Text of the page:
When I started classes in the Master of Fine Arts program at National University, California, one of the courses I had to take was Pedagogy of Creative Writing. By the end of the course, my mind was running wild about what the purpose was and why I had to take the course. It occurred to me that even though the program is generally about creative writing, those who formulated the program knew of another reality which the student might not know. The question that the course was indirectly answering was: What if you don’t make it as a creative writer? The answer was clear: you can teach creative writing.
Personally, my aspirations in education were to climb to the highest rungs of the academic ladder with a vision to become a university professor. However, after attaining the highest academic degree, personal reflection tells me that there are some fundamental courses that would have prepared me for a greater purpose than that which I had defined for myself. These are courses are indispensable for students in an emergent economy like that of Cameroon. I will briefly make a case for Entrepreneurship, Professional Ethics, and Fundamentals of Statistics.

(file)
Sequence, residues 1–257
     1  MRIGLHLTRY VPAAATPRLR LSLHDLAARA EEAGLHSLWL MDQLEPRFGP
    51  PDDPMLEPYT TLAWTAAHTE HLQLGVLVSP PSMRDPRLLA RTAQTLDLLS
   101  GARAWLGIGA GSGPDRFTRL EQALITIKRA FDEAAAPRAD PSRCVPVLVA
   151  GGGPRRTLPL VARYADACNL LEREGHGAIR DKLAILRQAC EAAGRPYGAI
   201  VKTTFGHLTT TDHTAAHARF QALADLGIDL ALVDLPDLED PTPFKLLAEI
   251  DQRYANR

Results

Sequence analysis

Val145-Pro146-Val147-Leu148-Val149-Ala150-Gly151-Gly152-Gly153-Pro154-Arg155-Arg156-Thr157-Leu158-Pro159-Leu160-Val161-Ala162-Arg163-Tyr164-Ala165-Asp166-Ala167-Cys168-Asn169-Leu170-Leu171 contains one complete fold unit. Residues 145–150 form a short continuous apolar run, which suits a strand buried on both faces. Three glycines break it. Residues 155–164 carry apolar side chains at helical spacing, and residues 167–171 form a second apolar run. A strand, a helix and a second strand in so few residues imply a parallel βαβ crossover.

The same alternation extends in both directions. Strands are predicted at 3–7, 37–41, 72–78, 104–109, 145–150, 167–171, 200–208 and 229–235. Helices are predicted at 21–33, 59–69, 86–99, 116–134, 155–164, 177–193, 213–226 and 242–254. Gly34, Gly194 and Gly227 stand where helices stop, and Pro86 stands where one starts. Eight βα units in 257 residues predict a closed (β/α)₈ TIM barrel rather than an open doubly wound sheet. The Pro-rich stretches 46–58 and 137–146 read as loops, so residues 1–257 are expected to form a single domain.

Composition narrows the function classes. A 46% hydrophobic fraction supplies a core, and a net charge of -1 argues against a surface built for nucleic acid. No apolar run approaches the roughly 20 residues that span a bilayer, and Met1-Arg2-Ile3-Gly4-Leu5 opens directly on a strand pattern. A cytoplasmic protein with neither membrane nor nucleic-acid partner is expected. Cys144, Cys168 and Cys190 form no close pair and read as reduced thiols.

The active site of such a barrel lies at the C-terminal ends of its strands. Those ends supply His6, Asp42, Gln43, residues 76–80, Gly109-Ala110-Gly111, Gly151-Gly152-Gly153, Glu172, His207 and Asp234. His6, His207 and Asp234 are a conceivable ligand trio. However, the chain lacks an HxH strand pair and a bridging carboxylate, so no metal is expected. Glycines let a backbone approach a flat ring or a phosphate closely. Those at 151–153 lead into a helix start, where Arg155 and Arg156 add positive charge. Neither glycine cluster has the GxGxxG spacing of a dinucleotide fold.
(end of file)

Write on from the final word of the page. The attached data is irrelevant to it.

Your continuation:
How to Enter (Entre) and Take Over (preneur)
Entrepreneurship involves the teaching of skill related to business but also the inspiration for young minds to be able to enter (entre) and takeover (preneur) in anything they do. It inspires risk taking and self-confidence while instilling a sense of financial investment, management and responsibility. An educational system that does teach students how to be creative, adventurous and self-confident has two major negative characteristics: i) a public sector that is bigger and stronger than the private sector, and ii) an uncontrollable unemployment rate resulting from the uninspiring hope that the government will recruit someday. Unfortunately, this is the kind of system in which I was educated – a system in which self-confidence is considered pride and quickly related to one of the seven deadly sins; a system in which the teacher’s notes is the answer to all questions and “thou shall not venture into new areas” was the unspoken dictum.